I’m writing this article in the middle of a sunny (but cold) Melbourne winter. Warming soups and teas are my saviour in the cooler months, and they can provide a myriad of nutritional benefits. Recently I’ve had a few questions regarding warming foods and how they can be used to optimise health and wellness.
So, what are warming foods and how can you utilise their properties during pregnancy?
We’ll start with what warming foods are. Categorising foods into warming and cooling has origins in Chinese medicine and is all about finding balance – often represented in the well-known yin and yang symbol. During winter (the yin months), when temperatures are lower, our bodies need extra warming energy (yang) to warm us up.
By eating foods that are naturally warming during winter, we can give our bodies a head-start and help restore balance. Balance is especially key during pregnancy – it’s a time of heat and energy due to rapid changes in hormones and multiplying of cells. Whatever the season, warming foods are best avoided during the first twelve weeks of pregnancy. I encourage cooling foods during the first trimester – foods that reduce heat and can help manage symptoms such as nausea and fatigue.
Warming foods are perfect during the later stages of pregnancy as they help support digestion, circulation and absorption of nutrients – not to mention how nice they are on a cold winter’s night!
Chinese medicine practitioners categorise food into three main categories:
- Cooling foods
- Neutral (balanced) foods
- Warming foods
Cooling foods are suitable for clearing heat and toxins from the body and can be prescribed to those suffering from symptoms such as thirst, constipation, red eyes, red face and vivid dreams (to name a few). Some cooling foods include alfalfa sprouts, celery, spinach and tofu.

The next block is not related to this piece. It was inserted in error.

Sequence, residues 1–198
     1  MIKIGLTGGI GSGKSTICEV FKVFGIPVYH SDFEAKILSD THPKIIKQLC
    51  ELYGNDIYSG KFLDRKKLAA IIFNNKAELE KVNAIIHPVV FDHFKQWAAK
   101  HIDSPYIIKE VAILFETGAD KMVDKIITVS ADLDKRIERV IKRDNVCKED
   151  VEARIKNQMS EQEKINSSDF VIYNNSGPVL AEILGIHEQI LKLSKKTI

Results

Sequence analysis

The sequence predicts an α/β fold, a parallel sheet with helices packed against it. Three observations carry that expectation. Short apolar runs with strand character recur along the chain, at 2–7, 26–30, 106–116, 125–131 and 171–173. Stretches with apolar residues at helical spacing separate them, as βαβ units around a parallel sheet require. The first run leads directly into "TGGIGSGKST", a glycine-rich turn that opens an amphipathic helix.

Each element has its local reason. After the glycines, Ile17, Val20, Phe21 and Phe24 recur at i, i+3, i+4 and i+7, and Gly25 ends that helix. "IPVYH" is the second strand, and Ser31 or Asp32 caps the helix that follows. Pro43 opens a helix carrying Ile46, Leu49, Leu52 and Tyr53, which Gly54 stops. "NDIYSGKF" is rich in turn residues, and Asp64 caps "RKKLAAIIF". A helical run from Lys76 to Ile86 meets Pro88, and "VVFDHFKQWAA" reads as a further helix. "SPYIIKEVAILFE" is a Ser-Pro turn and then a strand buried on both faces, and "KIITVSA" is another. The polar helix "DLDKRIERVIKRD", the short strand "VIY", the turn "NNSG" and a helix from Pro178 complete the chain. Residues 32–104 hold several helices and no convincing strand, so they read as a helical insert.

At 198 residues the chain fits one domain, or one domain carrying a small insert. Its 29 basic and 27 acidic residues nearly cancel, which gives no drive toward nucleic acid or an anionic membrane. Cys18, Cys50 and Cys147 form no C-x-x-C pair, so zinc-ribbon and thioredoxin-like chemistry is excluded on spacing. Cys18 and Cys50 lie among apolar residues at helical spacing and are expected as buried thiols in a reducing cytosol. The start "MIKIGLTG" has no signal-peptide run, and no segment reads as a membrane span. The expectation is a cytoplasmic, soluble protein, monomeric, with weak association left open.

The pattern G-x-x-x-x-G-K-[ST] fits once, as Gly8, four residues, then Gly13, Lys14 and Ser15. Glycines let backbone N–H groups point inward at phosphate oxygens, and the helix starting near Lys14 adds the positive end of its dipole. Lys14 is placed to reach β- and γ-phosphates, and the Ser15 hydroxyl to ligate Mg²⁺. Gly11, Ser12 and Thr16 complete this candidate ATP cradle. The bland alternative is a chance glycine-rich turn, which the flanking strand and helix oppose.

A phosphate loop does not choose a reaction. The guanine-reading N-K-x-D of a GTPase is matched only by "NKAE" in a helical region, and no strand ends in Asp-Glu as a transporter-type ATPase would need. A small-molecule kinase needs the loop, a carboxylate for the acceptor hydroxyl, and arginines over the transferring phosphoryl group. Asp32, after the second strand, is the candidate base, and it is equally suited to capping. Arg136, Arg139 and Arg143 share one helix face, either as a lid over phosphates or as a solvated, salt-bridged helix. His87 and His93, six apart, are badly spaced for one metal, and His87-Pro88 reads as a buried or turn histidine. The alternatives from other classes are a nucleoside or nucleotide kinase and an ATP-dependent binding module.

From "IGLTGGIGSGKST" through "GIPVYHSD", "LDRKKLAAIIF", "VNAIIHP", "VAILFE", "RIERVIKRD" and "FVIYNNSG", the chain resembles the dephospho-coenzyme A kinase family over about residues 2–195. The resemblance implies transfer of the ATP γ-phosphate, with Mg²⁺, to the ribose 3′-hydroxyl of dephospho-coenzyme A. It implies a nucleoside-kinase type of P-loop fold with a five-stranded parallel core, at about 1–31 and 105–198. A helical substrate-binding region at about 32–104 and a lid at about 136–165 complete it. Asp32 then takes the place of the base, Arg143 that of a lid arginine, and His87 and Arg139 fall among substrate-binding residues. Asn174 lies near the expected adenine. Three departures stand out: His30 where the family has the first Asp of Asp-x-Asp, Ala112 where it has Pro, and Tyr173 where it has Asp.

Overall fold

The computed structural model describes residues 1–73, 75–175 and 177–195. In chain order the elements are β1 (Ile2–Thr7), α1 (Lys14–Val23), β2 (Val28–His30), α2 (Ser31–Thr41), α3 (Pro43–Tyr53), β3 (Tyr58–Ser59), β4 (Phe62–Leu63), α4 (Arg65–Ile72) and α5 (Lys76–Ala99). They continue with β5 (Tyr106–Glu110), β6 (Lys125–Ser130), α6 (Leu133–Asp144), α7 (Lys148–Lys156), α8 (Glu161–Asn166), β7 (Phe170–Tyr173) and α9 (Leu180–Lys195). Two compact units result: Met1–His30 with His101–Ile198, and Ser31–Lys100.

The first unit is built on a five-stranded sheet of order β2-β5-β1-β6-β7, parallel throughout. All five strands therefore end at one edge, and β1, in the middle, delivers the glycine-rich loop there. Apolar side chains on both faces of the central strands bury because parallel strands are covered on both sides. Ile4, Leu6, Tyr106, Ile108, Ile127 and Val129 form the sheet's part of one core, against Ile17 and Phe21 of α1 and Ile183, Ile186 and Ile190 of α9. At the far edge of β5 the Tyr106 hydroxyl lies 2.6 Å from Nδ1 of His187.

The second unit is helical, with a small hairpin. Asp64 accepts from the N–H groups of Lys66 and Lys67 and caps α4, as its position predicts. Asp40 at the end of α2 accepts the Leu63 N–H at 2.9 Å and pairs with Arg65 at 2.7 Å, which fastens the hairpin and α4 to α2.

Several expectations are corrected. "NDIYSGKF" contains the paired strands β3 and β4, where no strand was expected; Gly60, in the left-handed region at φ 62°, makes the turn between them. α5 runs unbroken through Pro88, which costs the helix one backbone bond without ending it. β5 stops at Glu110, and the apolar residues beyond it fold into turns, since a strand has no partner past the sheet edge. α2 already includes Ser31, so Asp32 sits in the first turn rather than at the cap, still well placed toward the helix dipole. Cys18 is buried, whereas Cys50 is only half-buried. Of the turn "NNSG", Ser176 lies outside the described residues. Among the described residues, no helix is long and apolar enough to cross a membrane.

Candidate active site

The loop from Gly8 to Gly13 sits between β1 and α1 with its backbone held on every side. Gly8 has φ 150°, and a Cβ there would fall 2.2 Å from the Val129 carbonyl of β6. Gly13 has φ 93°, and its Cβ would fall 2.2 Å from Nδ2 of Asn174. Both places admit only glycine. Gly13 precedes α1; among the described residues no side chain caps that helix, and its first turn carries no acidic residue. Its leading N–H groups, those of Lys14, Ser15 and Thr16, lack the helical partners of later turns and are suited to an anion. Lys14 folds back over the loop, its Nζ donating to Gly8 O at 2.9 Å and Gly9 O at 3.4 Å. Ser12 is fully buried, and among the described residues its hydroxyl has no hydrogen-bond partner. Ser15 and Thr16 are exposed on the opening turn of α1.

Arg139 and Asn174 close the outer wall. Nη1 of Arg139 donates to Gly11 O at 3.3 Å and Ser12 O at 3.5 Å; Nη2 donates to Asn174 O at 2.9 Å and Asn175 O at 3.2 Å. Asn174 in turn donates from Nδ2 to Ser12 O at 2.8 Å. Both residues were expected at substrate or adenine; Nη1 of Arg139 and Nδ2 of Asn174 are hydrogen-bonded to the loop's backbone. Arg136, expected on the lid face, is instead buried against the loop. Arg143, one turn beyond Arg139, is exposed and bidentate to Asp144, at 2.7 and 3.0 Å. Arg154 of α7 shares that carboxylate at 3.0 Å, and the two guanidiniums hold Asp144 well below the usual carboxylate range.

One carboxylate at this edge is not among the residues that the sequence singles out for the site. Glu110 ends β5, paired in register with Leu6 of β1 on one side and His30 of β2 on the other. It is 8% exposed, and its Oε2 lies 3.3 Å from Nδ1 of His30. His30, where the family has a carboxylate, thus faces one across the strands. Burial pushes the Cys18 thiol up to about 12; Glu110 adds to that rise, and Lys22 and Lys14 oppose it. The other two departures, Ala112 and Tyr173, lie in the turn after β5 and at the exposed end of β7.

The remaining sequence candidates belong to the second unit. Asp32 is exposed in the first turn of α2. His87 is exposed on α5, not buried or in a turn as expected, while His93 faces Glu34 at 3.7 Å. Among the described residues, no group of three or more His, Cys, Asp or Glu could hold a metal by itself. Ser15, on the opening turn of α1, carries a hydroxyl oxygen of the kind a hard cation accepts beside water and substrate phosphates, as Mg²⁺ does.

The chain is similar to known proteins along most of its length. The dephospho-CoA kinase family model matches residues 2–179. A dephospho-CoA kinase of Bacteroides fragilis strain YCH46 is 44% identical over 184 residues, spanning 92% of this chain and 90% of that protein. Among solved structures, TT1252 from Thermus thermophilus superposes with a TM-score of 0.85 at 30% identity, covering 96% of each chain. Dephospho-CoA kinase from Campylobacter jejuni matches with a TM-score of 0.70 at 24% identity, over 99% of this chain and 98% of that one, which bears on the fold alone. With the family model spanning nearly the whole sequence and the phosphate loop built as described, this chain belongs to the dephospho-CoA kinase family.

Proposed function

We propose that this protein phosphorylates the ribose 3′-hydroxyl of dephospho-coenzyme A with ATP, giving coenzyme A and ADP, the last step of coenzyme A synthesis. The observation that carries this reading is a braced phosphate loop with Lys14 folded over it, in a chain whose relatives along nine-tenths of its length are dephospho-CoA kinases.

Neutral (balanced) foods include carrots, peanuts, goji berries and figs – these foods are suitable for anyone.
Warming foods raise the yang energy in the body – improving circulation and eradicating the cold (yin) energy. Those in particular need of warming foods often show the following symptoms: cold hands and feet, diarrhea, lack of energy and sore joints.
Soups such as miso, pumpkin soup and chicken broth are my personal preferences when considering warming foods. Adding ginger, onion, garlic, carrot and chives provide extra warming nutrients to warm the cockles of your heart (as well as your hands and feet). Adding bone broth is particularly nutritious due to the wonderful healing properties it can provide to the gut as well as vital nutrients, such as collagen. This is especially beneficial during critical growth periods such as in the third trimester of pregnancy, when the baby more than doubles in size and the protein and iron demands increase dramatically.
Scroll down for my easy miso soup recipe!
Slow cooking (or pressure cooking if you don’t have the time) is an easy way to get more warming foods into your diet. Stews and casseroles help to release vital minerals from meat, and the cooking process helps break down the protein – making it easily digestible. Making stews and casseroles in bulk and freezing them is a good way to prepare for when the baby arrives – when you’re bound to have less time for cooking. An added bonus is that the cuts of meat suitable for stewing are often cheaper – allowing you to eat well on a smaller budget.